So while most of you were hitting the malls last Friday, I was tearing off our unsightly tint in preparation for a big paint job we now have scheduled for the coming weekend. It came off in big sheets and took only minutes. I smugly stood back and thought, "well that was easy". But the light coming through the following morning showed me that my work was only half done. The old adhesive was fully baked on and still needed to be removed.

Not knowing the best way to go about it, I consulted the guys at Home Depot (who all gave me the side eye, as if to say "don't do it"). I turned to Google and YouTube and in the end, came up with two tools needed for the job: a pack of razor blades and ammonia. So I went at it... for four hours.

I got creative and thought "soaking" would expedite removal. It didn't. Patience and frequent blade changing on my scraper were the only ways to tackle. Had we not had single pane windows, I would have attempted to steam. In the end though, I just didn't want to risk cracking them.
So that's where we are now - windows cased, stripped and cleaned and now, ready for paint. Next up: we'll attempt to get the steel frame look we've always wanted (until we can install the real thing) with a little paint. We also have a bigger paint job planned for the entire room to help brighten things up a bit and return us to a neutral canvas. Stay tuned for more updates...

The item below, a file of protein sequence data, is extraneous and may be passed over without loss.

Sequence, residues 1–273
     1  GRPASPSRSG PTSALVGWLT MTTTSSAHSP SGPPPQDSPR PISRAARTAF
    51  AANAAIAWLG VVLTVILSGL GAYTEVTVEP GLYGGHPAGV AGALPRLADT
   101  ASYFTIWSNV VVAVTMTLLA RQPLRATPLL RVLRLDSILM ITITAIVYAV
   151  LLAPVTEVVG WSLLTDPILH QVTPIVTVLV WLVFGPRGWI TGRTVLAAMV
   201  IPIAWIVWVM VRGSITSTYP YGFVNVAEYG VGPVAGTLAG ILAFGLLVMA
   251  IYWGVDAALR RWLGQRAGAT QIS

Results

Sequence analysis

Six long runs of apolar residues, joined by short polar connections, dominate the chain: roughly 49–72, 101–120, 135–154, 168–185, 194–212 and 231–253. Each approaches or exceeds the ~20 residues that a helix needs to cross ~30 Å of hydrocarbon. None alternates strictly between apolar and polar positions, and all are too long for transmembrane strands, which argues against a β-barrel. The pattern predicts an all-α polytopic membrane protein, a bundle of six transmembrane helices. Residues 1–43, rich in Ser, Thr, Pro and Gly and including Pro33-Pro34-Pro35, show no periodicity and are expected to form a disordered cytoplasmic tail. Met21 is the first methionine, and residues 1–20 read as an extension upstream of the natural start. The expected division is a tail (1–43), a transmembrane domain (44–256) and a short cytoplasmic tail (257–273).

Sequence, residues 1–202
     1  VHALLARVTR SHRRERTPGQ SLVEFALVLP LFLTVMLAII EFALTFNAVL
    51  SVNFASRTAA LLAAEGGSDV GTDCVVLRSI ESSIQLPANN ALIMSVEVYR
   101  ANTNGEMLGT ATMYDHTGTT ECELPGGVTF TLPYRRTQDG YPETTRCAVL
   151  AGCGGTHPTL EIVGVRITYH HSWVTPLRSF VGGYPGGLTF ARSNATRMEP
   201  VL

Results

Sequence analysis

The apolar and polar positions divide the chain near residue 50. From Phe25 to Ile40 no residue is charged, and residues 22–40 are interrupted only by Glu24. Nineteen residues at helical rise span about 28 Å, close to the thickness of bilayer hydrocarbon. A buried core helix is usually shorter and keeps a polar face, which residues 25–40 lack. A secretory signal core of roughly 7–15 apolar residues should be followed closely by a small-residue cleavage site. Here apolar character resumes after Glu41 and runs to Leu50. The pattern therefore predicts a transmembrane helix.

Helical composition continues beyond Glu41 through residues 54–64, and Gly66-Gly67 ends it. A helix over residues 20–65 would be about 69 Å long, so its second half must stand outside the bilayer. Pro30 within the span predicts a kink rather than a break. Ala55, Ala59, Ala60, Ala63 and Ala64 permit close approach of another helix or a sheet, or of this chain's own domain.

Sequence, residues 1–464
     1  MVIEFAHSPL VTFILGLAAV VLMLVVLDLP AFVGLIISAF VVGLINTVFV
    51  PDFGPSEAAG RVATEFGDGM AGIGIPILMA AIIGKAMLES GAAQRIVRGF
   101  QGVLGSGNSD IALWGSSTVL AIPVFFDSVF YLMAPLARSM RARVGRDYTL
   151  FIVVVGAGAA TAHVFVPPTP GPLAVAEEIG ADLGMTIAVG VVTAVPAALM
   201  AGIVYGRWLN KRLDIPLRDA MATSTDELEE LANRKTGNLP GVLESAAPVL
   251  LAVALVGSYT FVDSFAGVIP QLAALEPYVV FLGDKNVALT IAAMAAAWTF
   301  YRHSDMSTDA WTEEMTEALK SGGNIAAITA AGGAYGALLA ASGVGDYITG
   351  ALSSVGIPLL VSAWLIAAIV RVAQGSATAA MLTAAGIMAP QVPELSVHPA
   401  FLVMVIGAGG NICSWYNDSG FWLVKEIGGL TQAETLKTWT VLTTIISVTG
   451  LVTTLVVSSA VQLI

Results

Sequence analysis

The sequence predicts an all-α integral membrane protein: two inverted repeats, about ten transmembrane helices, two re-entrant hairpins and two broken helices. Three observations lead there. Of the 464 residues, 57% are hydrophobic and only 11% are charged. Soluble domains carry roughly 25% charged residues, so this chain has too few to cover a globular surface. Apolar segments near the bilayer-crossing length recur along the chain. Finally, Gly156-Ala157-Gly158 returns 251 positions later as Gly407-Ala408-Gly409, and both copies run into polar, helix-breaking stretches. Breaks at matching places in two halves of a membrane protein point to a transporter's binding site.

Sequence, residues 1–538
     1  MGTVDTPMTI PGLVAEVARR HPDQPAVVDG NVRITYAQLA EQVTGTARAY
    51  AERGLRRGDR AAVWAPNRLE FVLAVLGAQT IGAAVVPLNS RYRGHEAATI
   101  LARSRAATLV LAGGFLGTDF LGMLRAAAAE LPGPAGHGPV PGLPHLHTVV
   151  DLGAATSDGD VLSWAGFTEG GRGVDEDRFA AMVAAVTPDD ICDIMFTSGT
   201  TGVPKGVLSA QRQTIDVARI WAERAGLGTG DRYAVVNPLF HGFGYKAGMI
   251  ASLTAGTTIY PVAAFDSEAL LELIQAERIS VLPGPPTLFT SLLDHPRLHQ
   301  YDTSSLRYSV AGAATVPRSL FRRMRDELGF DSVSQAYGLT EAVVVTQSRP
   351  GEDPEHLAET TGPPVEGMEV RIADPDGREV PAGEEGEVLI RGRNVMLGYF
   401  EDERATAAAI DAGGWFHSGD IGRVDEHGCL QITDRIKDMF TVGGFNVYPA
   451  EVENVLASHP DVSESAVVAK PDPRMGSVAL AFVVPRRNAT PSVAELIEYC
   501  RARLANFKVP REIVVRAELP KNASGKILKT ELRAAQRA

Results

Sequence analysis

Thursday, November 21, 2013

Make This // Gilded Chipboard Party Coasters

No sooner had our plane home landed that I found myself fully immersed in our next project: the party we always said we'd throw on New Year's Eve. Busying my hands with decorative projects for our soiree has helped to ease the common symptoms of a post-vacation, return to reality. 

For one such project, I uplifted some old beer coasters we had laying around the house - you know the kind usually distributed with your pint at your local brewhouse. Ideally, I would have ordered a set of pretty, professionally printed monogrammed coasters. But inspiration struck and I transformed that stack of printed chipboard coasters and saved a little money in the process. More than that, I was pretty tickled with how these came out.  The shiny gold leafing paired up well with black for our fancy, night-time affair. But I imagine these would also be brilliant in other colors for your coffee table - cobalt, lavender, hunter green and bright orange all come to mind. Here's the very simple how to:

While we used some old beer coasters, you can purchase plain, unprinted versions from Etsy.  Gold leafing kits are readily available at your local crafts store, as are the metallic paint pens if you wish to add a monogram detail like I did.


Wednesday, November 20, 2013

Italian Adventure Highlights (+ Paris!) // Part 2